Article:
Mozambique became independent after ten years of sporadic warfare on June 25, 1975. FRELIMO took complete control of the territory after a transition period and within a year of independence, almost all the Portuguese population had left Mozambique – some expelled by the new government of Mozambique, some fleeing in fear.
In 1975, the Mozambican National Resistance (RENAMO), an anti-communist group sponsored by the Rhodesian Intelligence Service, the apartheid government in South Africa and the United States after Zimbabwe's independence, was founded and launched a series of attacks on transport routes, schools and health
clinics, and the country descended into civil war.
In 1990, with apartheid crumbling in South Africa, and support for RENAMO drying up in South Africa and in the United States, the first direct talks between the FRELIMO government and Renamo were held. In November 1990, a new constitution was adopted. Mozambique was now a multiparty state, with periodic elections, and guaranteed democratic rights. With the signing of the Rome General Peace Accords, the civil war ended on October 15, 1992.
The currency of Mozambique is the new Metical
(Meticais Nova Família
), plural meticais
(Mts, pronounced 'meta-caysh'), divided into 100 centavos. Today, one Aust Dollar was worth about 748 meticais. Three zeroes were dropped from the currency in 2006. Wednesday 14 February – Maputo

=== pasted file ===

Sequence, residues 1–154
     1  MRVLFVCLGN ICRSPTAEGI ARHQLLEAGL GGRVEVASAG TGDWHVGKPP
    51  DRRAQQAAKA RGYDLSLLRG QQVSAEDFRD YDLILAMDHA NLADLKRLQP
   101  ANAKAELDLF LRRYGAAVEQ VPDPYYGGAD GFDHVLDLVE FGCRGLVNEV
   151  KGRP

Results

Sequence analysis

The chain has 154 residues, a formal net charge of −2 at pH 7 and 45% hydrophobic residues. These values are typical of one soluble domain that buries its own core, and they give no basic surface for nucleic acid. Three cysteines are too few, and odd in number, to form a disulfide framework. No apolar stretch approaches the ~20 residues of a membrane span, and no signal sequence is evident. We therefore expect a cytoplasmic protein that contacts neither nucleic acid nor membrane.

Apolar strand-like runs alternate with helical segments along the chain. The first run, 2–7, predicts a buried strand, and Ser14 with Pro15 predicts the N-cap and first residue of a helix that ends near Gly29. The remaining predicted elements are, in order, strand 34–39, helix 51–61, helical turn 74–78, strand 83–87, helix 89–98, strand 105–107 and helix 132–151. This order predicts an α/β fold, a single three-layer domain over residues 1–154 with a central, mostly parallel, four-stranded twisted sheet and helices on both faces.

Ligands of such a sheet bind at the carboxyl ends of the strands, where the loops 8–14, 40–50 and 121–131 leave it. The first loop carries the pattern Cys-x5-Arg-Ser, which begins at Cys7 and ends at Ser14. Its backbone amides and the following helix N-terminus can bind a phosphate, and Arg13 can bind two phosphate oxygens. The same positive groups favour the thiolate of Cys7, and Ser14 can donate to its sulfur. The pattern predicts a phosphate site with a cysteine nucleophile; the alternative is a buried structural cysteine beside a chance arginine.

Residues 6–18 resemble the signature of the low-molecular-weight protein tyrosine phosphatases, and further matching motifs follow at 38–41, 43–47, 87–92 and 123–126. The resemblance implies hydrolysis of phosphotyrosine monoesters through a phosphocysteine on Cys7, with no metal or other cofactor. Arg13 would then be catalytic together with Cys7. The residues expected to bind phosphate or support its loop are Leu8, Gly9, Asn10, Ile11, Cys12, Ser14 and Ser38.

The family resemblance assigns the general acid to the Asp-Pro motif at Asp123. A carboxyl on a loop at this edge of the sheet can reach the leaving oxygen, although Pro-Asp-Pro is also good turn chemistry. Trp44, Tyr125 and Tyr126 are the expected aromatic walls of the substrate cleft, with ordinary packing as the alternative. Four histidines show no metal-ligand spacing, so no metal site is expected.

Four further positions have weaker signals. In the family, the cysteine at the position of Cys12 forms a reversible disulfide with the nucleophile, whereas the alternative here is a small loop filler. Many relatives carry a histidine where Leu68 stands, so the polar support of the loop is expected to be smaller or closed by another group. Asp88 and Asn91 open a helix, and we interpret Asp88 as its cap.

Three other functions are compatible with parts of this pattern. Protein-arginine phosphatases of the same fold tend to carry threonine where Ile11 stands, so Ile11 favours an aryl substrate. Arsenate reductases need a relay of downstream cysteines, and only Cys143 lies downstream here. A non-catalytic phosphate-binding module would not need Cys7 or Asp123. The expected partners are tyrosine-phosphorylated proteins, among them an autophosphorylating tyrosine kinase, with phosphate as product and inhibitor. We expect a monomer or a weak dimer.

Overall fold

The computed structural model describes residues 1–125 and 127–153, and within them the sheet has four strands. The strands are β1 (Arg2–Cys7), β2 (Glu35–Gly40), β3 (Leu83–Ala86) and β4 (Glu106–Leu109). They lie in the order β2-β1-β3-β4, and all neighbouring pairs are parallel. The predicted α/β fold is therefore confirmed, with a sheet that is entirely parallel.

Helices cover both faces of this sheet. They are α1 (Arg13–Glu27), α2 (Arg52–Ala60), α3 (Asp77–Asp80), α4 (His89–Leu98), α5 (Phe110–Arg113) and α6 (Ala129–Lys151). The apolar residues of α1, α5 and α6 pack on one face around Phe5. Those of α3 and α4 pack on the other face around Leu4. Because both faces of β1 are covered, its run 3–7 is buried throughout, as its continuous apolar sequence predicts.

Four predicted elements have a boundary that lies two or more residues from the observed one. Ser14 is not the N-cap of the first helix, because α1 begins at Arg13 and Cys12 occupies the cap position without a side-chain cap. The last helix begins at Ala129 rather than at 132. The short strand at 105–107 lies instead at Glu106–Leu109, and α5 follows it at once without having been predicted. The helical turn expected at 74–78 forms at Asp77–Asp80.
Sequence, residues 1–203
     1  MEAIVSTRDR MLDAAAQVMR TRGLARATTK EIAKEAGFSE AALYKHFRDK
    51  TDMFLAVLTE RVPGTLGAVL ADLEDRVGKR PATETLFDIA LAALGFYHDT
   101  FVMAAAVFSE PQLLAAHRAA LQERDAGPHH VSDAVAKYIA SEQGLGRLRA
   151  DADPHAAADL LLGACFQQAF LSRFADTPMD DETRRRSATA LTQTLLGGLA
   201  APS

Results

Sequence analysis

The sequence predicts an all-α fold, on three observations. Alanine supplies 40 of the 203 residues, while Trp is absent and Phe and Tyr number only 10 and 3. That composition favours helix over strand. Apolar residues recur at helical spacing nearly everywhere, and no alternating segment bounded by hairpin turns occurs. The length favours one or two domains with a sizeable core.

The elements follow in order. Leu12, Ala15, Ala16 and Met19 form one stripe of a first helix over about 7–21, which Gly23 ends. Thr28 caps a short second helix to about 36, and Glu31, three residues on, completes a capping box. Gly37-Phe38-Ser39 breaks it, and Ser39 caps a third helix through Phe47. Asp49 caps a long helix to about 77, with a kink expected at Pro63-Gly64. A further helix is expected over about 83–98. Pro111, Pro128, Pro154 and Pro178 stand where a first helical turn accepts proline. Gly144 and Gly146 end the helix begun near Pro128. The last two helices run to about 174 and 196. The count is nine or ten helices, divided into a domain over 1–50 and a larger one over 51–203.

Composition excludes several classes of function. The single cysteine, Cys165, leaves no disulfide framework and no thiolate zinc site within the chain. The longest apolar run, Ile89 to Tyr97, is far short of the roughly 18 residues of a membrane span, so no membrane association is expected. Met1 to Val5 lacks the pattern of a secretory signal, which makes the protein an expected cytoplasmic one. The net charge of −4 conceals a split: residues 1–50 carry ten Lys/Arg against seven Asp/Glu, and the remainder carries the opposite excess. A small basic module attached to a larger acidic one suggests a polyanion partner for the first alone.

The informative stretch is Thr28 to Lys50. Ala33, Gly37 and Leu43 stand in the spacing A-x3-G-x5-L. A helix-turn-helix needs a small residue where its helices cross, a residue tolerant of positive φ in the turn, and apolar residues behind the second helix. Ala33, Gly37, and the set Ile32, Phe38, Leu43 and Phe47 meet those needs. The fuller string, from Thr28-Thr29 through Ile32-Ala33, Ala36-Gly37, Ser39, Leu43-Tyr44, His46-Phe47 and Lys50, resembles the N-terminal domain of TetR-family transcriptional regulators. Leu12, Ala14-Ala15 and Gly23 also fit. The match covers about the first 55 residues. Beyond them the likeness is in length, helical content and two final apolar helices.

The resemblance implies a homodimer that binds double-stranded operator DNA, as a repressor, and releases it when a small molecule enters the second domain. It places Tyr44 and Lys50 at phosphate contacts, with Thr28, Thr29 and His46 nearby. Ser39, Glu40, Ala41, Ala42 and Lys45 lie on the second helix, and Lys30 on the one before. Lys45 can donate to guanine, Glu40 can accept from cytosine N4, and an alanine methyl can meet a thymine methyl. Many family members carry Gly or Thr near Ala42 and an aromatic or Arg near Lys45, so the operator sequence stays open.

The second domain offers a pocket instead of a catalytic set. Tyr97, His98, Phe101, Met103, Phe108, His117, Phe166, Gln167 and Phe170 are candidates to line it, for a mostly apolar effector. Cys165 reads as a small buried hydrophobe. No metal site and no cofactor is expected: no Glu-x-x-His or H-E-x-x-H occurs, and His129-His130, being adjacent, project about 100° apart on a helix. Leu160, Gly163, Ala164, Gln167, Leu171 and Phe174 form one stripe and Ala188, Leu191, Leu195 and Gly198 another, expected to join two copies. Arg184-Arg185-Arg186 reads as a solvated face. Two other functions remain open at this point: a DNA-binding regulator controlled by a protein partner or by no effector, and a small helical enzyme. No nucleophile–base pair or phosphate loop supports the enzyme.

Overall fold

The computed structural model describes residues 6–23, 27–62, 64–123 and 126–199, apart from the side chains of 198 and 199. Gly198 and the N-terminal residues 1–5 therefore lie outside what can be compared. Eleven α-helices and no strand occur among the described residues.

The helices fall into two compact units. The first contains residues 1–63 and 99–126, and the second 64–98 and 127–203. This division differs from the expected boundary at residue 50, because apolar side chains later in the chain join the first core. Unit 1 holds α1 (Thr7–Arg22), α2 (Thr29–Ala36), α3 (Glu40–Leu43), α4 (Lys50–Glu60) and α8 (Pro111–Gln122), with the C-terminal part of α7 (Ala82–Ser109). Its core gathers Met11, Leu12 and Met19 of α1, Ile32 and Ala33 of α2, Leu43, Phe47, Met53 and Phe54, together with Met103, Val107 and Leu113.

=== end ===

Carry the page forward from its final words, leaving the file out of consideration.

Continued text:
I woke up very excited knowing that I was catching up with Tom and joining the tour. After breakfast I waited down stairs from 10.00am with my bags. Kerrie & Gemma rang me for Valentines day which was lovely and they shared my excitement.
At 10.45am I saw the Nomad truck drive by
on the other side of the road. I wasn’t quick enough to run out on the road. Ten minutes later I heard my name called and it was Tom & the guide Gareth who was South African. Was I excited? You betcha’. On talking to Gareth later and seeing the very small stamp put in Tom’s passport, and I had the same page with the same stamps on one of my pages, I quickly decided to take the risk and drive to South Africa with the tour. We then plan to stay in Johannesburg for 2 nights before flying to Madagascar.
I met the rest of the travellers, a couple from Sweden (Yvonne and Carl-Johan), Helena a 40-odd yo lady from Sweden and Matt from London. The driver was Shorty (a Zulu) and cook was Annelisa. They could both understand each other even though they both spoke different dialects.